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Backpacking is safe fun, if you follow the rules

Summer’s started, the sun is shining in many corners of the world, and a feeling for escape follows you from morning to sunset. You want to go out there, get away from your daily routine and enjoy your freedom. One solution: put on your backpack and get ready to step into the world of wild travelers.

There are different types of backpacking. One is hiking and discovering wild areas with just a backpack. This requires physical preparation and proper equipment, such as torch, first aid kit, anti-insect spray, antibacterial lotion and sun cream. Another type is to go from one country to another discovering cities and places, but not necessarily hiking.

If it’s your first time backpacking, you certainly have a mixture of fear, excitement and worries. Your main worry should be getting a new and lasting addiction of the type that’s not bad for your health and it doesn’t cost much.

First, pick the city you want to start with, how long you want to travel for and your budget. I’d advise booking a return ticket for both long-term and short-term trips, to avoid paying a horrendous amount of money for a last minute ticket. Being aware of your trip's length means you will be able to manage your budget appropriately and avoid the I-am-never-going-home idea (it will enter your mind for sure).

Yes, even though you’re intrepid and you feel the great wild taking over your body and mind, just in case you fail at finding direction with a compass or the sun, a map might be useful. Plan roughly where you’d like to go and make sure it fits your budget. Yet keep in mind that there is no point in planning everything in advance – you probably won’t follow your itinerary.

Indeed, you know you’re becoming an experimental backpacker when you stop thinking about your next stop. Like your ancestors, follow the wind or your heart. Too much thinking is a waste of time and energy. Your path will cross must-see things that locals, fellow backpackers or hostel staff tell you about. All of a sudden, you’ll head in the opposite direction than originally intended, skip places and discover others you’ve never heard that are much better than the planned ones. That’s one of the numerous joys of backpacking.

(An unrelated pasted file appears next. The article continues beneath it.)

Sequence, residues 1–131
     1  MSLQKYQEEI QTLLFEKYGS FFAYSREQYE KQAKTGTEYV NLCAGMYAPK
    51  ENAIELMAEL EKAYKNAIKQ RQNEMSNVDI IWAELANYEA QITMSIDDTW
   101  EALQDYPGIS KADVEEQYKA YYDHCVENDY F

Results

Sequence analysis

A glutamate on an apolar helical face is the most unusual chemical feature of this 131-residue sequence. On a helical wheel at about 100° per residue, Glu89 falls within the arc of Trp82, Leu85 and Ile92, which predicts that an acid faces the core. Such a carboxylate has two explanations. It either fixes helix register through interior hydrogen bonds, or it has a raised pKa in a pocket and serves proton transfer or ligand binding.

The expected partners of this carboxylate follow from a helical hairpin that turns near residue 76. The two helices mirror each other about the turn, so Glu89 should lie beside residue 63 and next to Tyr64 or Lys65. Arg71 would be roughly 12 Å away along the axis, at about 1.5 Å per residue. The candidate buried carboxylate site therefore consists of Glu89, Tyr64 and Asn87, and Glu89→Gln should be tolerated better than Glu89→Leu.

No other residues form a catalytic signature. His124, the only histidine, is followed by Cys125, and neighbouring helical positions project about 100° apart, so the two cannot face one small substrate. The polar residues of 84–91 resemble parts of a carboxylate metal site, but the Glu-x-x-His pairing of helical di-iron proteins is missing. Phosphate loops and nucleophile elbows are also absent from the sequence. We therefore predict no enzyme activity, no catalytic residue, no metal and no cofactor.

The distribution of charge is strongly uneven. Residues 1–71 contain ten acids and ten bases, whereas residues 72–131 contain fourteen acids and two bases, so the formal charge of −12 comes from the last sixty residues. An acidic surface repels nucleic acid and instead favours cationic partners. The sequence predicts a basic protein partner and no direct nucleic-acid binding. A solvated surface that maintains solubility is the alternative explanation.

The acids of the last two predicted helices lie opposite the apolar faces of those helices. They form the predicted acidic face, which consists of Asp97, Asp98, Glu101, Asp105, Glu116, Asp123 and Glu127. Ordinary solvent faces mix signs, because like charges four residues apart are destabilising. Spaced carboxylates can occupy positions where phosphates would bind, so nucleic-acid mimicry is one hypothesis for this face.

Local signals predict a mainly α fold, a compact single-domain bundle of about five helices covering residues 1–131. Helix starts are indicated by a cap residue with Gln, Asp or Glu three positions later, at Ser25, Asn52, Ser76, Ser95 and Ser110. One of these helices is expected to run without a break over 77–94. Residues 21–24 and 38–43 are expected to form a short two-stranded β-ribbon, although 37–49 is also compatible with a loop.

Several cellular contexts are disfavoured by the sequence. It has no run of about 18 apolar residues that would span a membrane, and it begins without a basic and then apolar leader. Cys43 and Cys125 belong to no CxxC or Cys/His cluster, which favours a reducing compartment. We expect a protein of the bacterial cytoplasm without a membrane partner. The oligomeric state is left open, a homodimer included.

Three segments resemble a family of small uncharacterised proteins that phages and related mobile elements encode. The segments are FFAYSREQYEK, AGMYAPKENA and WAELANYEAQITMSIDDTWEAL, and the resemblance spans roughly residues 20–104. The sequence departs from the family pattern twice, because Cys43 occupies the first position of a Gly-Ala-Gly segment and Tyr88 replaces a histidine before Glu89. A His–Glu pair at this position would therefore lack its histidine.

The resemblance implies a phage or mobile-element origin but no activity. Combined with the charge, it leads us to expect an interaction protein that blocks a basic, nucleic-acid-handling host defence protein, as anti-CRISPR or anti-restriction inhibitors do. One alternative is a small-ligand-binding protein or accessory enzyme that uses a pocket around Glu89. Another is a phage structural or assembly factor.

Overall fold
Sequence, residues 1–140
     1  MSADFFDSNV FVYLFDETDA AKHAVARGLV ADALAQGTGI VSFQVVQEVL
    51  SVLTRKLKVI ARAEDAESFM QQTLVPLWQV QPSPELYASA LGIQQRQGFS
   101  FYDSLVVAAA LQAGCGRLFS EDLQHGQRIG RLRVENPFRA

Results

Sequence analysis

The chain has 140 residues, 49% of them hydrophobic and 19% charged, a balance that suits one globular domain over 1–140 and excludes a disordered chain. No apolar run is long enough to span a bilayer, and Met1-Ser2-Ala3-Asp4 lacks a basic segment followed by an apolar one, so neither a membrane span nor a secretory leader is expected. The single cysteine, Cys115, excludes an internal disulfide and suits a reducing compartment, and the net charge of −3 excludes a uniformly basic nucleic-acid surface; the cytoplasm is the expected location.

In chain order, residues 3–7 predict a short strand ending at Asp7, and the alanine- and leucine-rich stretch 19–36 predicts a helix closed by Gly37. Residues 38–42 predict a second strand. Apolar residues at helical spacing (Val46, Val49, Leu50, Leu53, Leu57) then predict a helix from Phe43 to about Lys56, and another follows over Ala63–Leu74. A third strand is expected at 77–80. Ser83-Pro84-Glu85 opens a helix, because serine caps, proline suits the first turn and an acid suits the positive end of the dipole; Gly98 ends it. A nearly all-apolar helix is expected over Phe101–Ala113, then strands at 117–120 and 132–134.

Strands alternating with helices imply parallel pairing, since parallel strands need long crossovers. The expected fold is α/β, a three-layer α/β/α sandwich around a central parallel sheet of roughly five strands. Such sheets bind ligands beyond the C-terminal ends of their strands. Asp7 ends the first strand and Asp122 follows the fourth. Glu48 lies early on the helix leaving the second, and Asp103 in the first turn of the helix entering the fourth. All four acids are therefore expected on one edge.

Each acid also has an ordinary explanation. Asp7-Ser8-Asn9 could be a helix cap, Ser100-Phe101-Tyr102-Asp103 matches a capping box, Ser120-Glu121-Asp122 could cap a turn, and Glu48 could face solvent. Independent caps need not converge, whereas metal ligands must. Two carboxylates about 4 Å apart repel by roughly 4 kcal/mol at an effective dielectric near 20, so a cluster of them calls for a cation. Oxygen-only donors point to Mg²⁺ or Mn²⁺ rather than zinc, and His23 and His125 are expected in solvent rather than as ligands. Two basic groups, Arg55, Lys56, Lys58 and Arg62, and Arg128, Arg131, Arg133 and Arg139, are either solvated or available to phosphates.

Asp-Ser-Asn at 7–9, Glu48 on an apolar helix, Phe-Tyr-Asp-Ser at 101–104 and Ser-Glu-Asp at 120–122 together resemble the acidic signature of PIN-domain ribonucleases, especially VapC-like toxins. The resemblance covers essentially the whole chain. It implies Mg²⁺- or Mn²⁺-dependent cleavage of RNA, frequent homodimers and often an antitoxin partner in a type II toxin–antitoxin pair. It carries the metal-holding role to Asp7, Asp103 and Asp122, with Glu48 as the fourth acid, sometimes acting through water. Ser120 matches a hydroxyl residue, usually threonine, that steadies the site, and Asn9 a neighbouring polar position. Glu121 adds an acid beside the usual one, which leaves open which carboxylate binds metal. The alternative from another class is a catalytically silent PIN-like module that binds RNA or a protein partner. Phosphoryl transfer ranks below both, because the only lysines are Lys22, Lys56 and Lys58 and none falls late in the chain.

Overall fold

Make sure you know about the weather of the region you’re going to. Then pack: two of each item you need: t-shirts, jumpers, underwear, socks, pants, shorts, shoes (trekking and sneakers), and a pair of flip-flops. If you’re going on a short trip you can bring more. A sleeping bag is good, but a silk sleeping bag is lighter and warm enough for summer. Buy a fast drying towel made of microfiber, which takes no room and is very light.

It’s really essential to make sure your backpack isn’t fully loaded or too heavy. You might have to carry it up or down a hill, or for a couple of hours – that might happened particularly if you have a bad sense of direction (like me). Keep some spare room for stuff you’ll buy while traveling. Once everything is packed, lock your backpack with an iron wire, or a simpler lock if you feel that's enough, but erring on the side of too much safety is often wiser.

Equip yourself with the basic backpacker tool: an updated tourist guide covering the region you’re going to. I recommend the Lonely Planet guides; they’re always very clear and provide all the information needed to go from one place to another, understand the culture and the people, and give the best advice on accommodation, sights and places to eat.

Backpacking on your own might be scary at first. As long as you follow your common sense you can’t go wrong unless you're terribly unlucky. The golden rule is to know where your next destination is and how to get there. Just get organized the day before you decide to leave a place.

Usually if you stay in a hostel the staff will help you. If you decide to stay with “couch hosts,” via, ask your host. They must know where the train or bus station is. From that point you can figure out easily how to get somewhere.

Because a language barrier can makes things complicated, write things down. Your Bosnian or Chilean accent might not be good enough for the locals to understand, so always have a pen and paper with you to write down what you want to ask if necessary.